Freemont Petroleum Ltd (FPL) Field of Dreams?

Wentworth Securities

Wentworth Securities

I last wrote about FPL prior to the results of the JW Powell well (here), the stock was $0.011 and ran to a high of $0.019 (+72%). With the next well, Vespucci, currently being drilled and moving towards fracking later this week, by the world’s largest drilling company Schlumberger, we see the price is back to $0.011 and in much better shape running into these results. The capital raise overhang has been removed, with $5m raised in March. If we look at the position of FPL we can see why the risk-reward might be better this time around.

Also, keep in mind, whilst an explorer, it already has a P90 resource (90% probability) of 54m barrels of oil/540 BCF from its shallower formations, and cash flow of ~$100k/m from oil sales. 

What is FPL trying to Prove?

To refresh, FPL picked 21,500 acres of land that was re-gazetted for oil and gas exploration in Fremont County, Colorado. At the time, most thought the land had been picked over for shallow oil with nothing much of value below, so they got it relatively cheaply. FPL’s theory was the “Niobrara” formations in the massive Wattenberg field some 200km to the North, the 4th largest oil-producing field in the US, extended down to their land in Florence. If they could prove they did, they would own and operate 100% a potentially highly productive, very large contiguous asset, in a very oil-friendly county, with the main Kinder Morgan gas pipeline some ~40kms to the North.

JW Powell Well – how did it go?

(Announcement 18th March)

  • Initial Production (IP) rate of 220 BOE/day demonstrates Niobrara Formation in FPL’s Pathfinder Field is highly productive. Re-rates the value of Pathfinder’s acreage to that of nearby Wattenberg Field
  • The well recorded a peak gas flow rate of 2.1 MMcf/day but was choked back to allow for oil production

What we also learnt was the 80/20 split of gas to liquids. There is a split of condensate in the liquids, which is equally valuable. The well was capped, as they would not seek to flare the gas to extract the liquids for quick cash flow, which makes sense (ie don't burn $4 to sell $1). Expect this with each well going forward unless they identify particularly oil-rich areas from the 2D seismic currently being run.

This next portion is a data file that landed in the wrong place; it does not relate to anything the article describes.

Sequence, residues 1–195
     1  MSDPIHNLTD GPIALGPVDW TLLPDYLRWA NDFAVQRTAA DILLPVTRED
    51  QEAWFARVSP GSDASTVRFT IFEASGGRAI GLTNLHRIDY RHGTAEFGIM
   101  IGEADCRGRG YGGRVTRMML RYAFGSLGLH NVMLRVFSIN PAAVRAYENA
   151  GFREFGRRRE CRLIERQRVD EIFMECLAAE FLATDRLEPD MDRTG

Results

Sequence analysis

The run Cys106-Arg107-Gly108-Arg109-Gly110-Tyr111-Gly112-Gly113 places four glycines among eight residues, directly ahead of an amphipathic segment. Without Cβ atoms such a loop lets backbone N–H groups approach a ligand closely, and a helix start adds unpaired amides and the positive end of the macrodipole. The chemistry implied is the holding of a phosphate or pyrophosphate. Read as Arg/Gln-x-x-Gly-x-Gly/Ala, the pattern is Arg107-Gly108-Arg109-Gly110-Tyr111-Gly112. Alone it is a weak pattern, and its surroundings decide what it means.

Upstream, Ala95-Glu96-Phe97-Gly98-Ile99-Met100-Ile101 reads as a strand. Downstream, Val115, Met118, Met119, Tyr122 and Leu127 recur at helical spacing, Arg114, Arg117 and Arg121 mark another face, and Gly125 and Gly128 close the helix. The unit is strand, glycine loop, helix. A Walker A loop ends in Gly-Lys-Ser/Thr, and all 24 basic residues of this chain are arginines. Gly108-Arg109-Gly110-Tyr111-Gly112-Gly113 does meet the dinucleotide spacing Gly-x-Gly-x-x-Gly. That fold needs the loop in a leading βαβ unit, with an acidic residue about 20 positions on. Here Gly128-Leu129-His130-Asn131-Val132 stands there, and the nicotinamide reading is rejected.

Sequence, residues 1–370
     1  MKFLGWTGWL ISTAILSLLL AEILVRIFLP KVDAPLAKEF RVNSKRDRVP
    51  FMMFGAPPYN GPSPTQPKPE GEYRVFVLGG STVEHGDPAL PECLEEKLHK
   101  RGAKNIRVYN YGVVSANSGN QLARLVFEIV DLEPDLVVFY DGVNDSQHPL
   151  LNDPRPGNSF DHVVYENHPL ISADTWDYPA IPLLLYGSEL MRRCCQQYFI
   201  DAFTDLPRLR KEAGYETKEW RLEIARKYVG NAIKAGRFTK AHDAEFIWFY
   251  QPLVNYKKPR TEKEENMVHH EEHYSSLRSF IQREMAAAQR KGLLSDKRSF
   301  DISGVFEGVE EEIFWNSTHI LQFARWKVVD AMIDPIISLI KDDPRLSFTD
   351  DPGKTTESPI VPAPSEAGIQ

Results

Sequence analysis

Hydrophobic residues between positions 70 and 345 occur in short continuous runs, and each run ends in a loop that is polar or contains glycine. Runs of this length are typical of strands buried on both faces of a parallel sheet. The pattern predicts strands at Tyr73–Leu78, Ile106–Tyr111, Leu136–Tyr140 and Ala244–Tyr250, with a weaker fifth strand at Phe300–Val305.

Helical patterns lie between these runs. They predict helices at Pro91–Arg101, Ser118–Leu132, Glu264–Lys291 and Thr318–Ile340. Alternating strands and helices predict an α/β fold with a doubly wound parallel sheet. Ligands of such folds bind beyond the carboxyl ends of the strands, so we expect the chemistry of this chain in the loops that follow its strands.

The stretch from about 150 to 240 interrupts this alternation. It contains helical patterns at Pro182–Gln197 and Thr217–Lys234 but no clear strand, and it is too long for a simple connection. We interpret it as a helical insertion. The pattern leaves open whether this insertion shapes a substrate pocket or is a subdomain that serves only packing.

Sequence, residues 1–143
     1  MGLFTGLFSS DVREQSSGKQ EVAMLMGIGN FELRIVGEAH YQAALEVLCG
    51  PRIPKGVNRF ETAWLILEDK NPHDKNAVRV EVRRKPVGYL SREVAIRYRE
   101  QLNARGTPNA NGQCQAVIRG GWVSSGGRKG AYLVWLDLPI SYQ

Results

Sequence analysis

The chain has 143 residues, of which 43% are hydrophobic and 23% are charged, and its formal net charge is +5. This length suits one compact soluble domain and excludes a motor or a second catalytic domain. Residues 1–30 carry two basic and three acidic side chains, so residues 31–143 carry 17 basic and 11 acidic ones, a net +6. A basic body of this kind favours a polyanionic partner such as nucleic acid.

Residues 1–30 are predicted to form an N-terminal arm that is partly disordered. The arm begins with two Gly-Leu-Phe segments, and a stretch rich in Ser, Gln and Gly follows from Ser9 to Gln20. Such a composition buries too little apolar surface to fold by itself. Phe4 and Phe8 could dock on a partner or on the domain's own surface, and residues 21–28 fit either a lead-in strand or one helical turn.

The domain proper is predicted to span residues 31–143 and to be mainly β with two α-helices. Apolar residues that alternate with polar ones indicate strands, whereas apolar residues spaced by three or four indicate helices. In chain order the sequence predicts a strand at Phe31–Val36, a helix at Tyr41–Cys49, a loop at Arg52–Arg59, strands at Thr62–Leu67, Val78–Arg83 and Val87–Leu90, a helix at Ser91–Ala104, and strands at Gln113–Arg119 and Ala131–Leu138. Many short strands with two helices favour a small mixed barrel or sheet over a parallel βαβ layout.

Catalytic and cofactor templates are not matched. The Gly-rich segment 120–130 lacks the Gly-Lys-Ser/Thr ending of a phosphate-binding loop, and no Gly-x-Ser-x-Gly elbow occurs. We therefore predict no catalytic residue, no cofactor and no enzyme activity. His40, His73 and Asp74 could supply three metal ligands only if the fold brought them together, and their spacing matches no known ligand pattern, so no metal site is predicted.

JW Powell – what we learnt?

I am going to make some generalisations, without getting lost in the deep technical details (from the public announcements and talking with the company).

  • The gas component is high BTU.
  • The formation appears the same as in Wattenberg, with one key difference, they appear thicker. The Niobrara formation was about twice as thick, and the lower untested Codell formation appears 3 times as thick.

Depth, rock formations, seam composition, pressures, water content etc all largely similar to Wattenberg. 

Table: Comparison - Pathfinder’s Niobrara Formation ~twice as thick as the Wattenberg Field (Source: Mar 19 Investor presentation)

Log Comparison: This compares a number of Wattenberg logs to the JW Powell well. Similar depth, same seam sequence, thicker intervals. (Source: Mar 19 Investor presentation)

Schlumberger (SLB) have said JW Powell is analogous with Wattenberg

It is significant that the company that has drilled the most wells in the Wattenberg, has come out in a rarely approved announcement, and made the comparison with the Wattenberg, for Fremont. (Announcement

The Schlumberger/Drilling Technique is the game changer for FPL.

Again, in simple terms, why the relationship with Schlumberger and the radial drilling technique are critical.

We have a small FPL (A$18m MKT Cap on a good day) that uniquely owns 100% of a large contiguous land package, in an area thought to be largely explored (Canon City was one of the first places oil was discovered in the US, in the 1860's). Why does Schlumberger the world’s largest drilling companies (there is Schlumberger SLB.NYS $52b then Halliburton HAL.NYS US$20.5b and daylight for 3rd) take such a keen interest and do a friendly deal to frack FPLs wells? The answer is proving the radial frack technique. And if they are right on the technique, a possible game changer for tight shale drilling.